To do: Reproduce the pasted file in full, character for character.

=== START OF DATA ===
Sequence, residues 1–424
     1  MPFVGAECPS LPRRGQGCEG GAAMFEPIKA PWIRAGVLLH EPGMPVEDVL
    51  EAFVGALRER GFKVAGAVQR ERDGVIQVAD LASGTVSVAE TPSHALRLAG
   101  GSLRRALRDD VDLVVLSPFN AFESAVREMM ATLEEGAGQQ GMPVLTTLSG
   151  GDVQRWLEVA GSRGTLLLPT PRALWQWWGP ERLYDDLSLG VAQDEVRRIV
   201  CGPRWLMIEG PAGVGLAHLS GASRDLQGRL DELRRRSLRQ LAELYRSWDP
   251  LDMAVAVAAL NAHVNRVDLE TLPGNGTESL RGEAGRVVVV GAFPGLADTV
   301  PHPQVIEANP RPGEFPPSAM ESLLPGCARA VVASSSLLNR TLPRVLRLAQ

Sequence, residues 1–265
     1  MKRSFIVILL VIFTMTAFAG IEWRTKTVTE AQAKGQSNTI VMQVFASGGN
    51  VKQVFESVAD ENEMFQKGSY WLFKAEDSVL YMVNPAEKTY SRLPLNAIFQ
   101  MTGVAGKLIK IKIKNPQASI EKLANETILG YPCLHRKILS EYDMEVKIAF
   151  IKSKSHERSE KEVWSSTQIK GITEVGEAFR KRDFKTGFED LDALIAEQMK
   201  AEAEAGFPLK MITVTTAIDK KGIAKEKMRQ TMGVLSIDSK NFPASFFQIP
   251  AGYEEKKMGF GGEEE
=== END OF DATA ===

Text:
Sequence, residues 1–424
     1  MPFVGAECPS LPRRGQGCEG GAAMFEPIKA PWIRAGVLLH EPGMPVEDVL
    51  EAFVGALRER GFKVAGAVQR ERDGVIQVAD LASGTVSVAE TPSHALRLAG
   101  GSLRRALRDD VDLVVLSPFN AFESAVREMM ATLEEGAGQQ GMPVLTTLSG
   151  GDVQRWLEVA GSRGTLLLPT PRALWQWWGP ERLYDDLSLG VAQDEVRRIV
   201  CGPRWLMIEG PAGVGLAHLS GASRDLQGRL DELRRRSLRQ LAELYRSWDP
   251  LDMAVAVAAL NAHVNRVDLE TLPGNGTESL RGEAGRVVVV GAFPGLADTV
   301  PHPQVIEANP RPGEFPPSAM ESLLPGCARA VVASSSLLNR TLPRVLRLAQ

Sequence, residues 1–265
     1  MKRSFIVILL VIFTMTAFAG IEWRTKTVTE AQAKGQSNTI VMQVFASGGN
    51  VKQVFESVAD ENEMFQKGSY WLFKAEDSVL YMVNPAEKTY SRLPLNAIFQ
   101  MTGVAGKLIK IKIKNPQASI EKLANETILG YPCLHRKILS EYDMEVKIAF
   151  IKSKSHERSE KEVWSSTQIK GITEVGEAFR KRDFKTGFED LDALIAEQMK
   201  AEAEAGFPLK MITVTTAIDK KGIAKEKMRQ TMGVLSIDSK NFPASFFQIP
   251  AGYEEKKMGF GGEEE